Before the Corona pandemic, statistics on cyber incidences from research institutions paints a very gloomy picture of the Nigerian businesses with a cyber-presence. Threat Intelligence Reports from CheckPoints a renowned institution monitoring cyber threat globally shows that among others, on the average:
- A typical organization in Nigeria with internet presence is being attacked 1292 times per week in the last six months (October 2019 to date), compared to 411 attacks per organization globally. (With the COVID-19 and changing business model, this figure would have doubled)
- 88% of the malicious files targeting institutions in Nigeria were delivered via the e-mail, compared to 66% of malicious files globally. (This is as a result of the low cyber risks awareness level in most businesses in Nigeria)
- The most common vulnerability exploit type in Nigeria is Remote Code Execution (RCE), impacting 70% of the organization in the country. RCE gives that attacker the ability to take control of organizations systems in Nigeria)
All these are happening with organizations operating 90% physical model and less than 10% cyber presence or dependence. One could best imagine the volume of undetected attacks now that most organizations are adopting or considering the “Work-from-Home” model which obviously increases the attack surface thereby creating ideal conditions for attackers that seek to take advantage of the corona endemic.
The RWM model mandates organizations personnel to connect remotely to their respective offices to do their work and access business emails and applications using home devices which most often are not protected by the corporate firewalls and anti-phishing security controls (if exist). Most times, connections are made using home routers which are ungoverned. B Browsers on many computers provided by companies hold sensitive information like user IDs and passwords and attackers find these easy target to gain remote credentials and perform malicious logins to the corporate network. With the low-level security awareness, phishing campaigns through email makes employees at home a soft and easy target.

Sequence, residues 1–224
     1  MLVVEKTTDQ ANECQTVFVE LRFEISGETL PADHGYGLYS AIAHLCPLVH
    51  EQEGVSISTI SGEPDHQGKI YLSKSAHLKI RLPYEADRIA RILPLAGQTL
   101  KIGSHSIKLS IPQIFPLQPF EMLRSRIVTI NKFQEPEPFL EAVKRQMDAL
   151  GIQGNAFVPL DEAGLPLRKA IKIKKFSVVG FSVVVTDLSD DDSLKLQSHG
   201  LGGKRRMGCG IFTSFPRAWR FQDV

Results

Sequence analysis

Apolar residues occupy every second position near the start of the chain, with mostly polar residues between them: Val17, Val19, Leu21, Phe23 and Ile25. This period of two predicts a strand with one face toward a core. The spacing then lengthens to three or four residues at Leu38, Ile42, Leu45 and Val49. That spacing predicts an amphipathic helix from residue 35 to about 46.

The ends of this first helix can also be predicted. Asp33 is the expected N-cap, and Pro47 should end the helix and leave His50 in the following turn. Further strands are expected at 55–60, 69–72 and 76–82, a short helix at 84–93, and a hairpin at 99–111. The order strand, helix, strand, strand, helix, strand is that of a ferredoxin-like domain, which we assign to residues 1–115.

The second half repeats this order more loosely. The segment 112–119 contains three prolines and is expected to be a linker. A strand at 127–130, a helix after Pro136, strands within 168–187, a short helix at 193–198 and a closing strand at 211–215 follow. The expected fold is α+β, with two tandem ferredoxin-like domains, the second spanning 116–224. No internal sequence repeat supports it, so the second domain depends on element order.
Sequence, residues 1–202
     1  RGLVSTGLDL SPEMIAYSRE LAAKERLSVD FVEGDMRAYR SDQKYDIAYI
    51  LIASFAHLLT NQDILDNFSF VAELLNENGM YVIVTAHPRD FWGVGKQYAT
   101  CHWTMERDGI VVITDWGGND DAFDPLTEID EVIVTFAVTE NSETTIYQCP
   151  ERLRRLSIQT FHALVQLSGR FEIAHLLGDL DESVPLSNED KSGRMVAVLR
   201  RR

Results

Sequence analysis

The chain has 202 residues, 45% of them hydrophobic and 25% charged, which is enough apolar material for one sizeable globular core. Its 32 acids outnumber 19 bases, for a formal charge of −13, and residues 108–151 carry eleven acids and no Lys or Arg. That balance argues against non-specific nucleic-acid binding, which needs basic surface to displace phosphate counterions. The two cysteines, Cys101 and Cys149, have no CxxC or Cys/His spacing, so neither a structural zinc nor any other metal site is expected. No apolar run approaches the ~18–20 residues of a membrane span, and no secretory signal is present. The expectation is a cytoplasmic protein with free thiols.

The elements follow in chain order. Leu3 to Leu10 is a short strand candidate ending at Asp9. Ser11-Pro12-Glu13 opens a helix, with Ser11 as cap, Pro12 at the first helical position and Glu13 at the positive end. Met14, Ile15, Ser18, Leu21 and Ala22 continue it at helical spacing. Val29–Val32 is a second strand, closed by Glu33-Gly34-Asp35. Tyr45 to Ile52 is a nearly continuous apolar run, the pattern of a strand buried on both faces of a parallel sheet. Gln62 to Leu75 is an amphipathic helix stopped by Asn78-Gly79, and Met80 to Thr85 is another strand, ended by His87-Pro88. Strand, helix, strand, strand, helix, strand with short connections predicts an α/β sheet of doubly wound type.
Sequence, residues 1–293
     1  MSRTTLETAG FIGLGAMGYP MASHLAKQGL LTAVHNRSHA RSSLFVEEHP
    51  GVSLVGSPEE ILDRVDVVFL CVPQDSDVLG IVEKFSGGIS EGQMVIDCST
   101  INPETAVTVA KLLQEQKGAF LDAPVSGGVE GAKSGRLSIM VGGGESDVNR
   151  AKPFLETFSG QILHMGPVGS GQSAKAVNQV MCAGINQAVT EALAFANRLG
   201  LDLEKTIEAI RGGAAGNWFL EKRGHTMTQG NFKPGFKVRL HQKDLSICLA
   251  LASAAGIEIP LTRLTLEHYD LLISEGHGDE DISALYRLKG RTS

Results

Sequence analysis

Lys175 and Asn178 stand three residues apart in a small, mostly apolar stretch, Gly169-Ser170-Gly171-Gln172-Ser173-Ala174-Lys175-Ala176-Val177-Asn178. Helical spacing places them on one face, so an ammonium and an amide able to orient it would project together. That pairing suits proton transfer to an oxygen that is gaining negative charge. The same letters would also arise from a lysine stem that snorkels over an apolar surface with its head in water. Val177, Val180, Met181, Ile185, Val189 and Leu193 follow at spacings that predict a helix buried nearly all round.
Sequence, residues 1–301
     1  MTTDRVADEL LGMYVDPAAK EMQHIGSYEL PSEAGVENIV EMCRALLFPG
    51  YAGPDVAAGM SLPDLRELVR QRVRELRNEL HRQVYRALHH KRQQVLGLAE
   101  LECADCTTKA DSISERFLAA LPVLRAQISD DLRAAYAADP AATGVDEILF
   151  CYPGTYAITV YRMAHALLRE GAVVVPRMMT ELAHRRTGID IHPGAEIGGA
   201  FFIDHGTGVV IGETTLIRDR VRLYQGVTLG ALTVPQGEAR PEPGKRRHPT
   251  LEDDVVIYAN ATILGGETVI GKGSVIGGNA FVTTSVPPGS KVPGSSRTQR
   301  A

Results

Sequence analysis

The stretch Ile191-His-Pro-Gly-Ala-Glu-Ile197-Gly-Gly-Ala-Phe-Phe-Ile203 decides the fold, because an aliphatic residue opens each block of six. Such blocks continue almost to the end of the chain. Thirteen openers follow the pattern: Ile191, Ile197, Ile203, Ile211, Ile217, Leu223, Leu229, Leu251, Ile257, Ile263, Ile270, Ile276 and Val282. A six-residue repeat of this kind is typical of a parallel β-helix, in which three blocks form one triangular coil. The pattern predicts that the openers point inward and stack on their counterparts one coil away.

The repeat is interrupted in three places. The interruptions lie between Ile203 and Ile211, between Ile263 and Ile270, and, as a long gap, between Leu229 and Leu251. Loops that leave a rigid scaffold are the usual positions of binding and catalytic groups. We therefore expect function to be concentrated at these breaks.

One might be tempted to argue that connections to corporate networks (in the Workfrom-Home model) are done via Virtual Private Network (VPN) and are secured, this posture provides a false sense of security as attackers according to PCYSYS (“Proactive Cyber Systems”) could easily transform VPN by an “owned” computer, into a magical back door to the organization’s network.
As inundating as this might be, taking necessary precautions as prescribed by
ISACA Abuja and other cybersecurity professionals globally might guarantee successful navigation to safety hence business continuity as an organization consider the RWM model. These measures apply to both businesses (Government and nongovernment) as well as individuals. The measures include:
- Companies carefully considering setting up a Cyber Risk Management team to evaluate all possible risk scenarios
- Ensuring that adequate IT resources are in place to support staff in case of technical issues while teleworking. And providing relevant information, e.g. on contact points, to staff.